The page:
Way back in 2015, The Bank of England had warned that 15 mln jobs were at risk in Britain due to robots and artificial intelligence. It would appear that the future is arriving sooner than we would have thought.
It is now the UK’s central bank itself that is trying out its hand at artificial intelligence and the Blockchain. As these technologies evolve, Bank of England has joined forces with Blockchain and artificial intelligence experts so as to keep itself relevant.
Launch of a new community
In a press release, Bank of England announced that they have launched a new community which would bring together fintech related organizations.
The three stated aims of this community are: to share developments, trends and insights, to make sure the bank is engaging with different fintech firms from across the sector and to enable firms with an interest in fintech to network, supporting the development of the sector. The Bank will meet with members of this community between two to four times a year and they will share updates on ‘trends and developments’ in the sector.
Bank of England also plans to hold quarterly networking and knowledge-sharing events and will be publishing summaries of the topics that are discussed at these meetings. It has published a full list of the members of the community and these include PwC, BBA, Bitsight, Enforcd, Thomson Reuters and others.
Joining forces with experts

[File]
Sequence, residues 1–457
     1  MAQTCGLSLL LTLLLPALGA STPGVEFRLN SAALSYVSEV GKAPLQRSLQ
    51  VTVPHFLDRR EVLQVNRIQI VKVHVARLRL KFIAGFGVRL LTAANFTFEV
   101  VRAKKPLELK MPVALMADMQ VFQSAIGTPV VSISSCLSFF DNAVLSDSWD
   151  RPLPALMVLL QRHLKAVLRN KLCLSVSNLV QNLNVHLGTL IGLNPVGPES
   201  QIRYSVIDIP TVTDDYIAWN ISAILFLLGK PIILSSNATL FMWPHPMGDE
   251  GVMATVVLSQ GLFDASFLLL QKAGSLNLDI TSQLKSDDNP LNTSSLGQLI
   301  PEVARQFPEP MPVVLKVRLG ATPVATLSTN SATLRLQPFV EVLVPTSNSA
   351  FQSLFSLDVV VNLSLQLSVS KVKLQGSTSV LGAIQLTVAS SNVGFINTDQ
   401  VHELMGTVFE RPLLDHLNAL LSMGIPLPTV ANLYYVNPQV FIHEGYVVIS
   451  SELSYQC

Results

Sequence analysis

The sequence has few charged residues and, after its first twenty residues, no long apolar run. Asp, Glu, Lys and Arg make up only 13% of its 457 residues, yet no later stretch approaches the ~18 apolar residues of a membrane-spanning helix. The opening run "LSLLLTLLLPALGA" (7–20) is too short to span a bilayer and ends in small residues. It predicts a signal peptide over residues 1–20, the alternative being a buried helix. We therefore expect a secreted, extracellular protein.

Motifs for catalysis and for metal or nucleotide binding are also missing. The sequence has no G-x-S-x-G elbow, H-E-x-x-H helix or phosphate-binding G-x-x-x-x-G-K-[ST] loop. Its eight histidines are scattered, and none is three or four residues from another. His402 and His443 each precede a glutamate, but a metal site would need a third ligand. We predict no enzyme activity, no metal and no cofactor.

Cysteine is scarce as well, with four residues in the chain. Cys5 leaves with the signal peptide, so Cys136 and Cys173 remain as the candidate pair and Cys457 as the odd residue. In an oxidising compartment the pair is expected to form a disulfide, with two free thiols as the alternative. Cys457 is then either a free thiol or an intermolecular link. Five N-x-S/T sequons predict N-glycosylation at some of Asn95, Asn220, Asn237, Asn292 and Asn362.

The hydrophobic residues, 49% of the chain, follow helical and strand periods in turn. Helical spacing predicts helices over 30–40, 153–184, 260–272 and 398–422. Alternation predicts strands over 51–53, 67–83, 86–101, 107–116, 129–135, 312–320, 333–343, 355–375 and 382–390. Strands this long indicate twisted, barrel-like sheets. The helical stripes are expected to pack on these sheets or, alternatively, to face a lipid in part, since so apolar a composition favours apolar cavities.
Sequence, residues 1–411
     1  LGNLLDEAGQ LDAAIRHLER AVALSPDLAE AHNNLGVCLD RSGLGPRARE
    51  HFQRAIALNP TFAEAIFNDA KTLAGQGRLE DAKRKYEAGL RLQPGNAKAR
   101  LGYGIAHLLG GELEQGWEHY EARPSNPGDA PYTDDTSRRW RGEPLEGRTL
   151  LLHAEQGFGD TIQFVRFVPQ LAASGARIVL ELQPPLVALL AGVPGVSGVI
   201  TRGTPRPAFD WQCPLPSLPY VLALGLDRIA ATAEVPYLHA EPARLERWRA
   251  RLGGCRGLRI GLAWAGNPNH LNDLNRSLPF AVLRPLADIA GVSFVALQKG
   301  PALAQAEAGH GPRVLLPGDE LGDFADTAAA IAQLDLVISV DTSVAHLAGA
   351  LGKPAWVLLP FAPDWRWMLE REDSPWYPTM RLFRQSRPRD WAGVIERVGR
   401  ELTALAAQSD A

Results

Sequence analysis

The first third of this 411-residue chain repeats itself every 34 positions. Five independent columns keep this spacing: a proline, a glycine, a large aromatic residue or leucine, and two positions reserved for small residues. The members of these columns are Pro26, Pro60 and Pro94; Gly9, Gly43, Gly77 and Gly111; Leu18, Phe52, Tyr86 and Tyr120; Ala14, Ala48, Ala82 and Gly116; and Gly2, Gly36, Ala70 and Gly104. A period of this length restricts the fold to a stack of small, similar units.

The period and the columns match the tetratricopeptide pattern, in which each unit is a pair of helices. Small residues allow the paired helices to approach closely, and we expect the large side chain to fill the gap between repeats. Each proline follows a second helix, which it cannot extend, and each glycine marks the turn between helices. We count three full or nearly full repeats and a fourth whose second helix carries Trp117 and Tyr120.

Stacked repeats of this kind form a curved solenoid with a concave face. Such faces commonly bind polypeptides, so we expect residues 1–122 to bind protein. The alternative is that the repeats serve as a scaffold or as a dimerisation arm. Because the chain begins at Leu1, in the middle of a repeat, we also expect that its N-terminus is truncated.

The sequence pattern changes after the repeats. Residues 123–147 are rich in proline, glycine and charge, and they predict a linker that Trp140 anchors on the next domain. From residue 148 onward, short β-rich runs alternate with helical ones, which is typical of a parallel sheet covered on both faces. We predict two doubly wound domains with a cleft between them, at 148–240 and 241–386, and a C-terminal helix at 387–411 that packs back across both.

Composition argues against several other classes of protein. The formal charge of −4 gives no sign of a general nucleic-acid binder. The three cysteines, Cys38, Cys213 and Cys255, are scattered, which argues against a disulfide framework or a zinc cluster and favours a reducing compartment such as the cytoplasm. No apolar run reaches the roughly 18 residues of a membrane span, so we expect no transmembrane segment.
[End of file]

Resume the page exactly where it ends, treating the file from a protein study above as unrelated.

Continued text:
In addition to the formation of this community, the central bank has also joined forces with experts in the Artificial Intelligence (AI) field. They will be using MindBridge’s AI auditor which will help detect anomalies in transactions and reports by utilizing data science, machine learning and artificial intelligence.
The stated aim of this exercise is to “explore benefits of machine learning for analyzing the quality of regulatory data input.”
In addition to the Canada-based MindBridge, Bank of England will also be working with Ripple by carrying out a proof of concept to demonstrated synchronized movement of two different currencies across two different real-time gross settlement systems.
With this, the Bank of England hopes it would be able to show that settlement risk can be reduced and an improvement made in the speed and efficiency of cross-border payments.
Banks need to improve their game
Banks are still stuck in the stone age as far as technology is concerned. It still takes days to move money from one part of the world to another and if speed is what you desire, then it is mighty expensive.
Wire transfer companies, banks and other organizations are finally exploring ways and means to adopt new technology.
The only question that remains unanswered is if they would be able to adopt this new technology before new-age fintech firms and technologies render them irrelevant.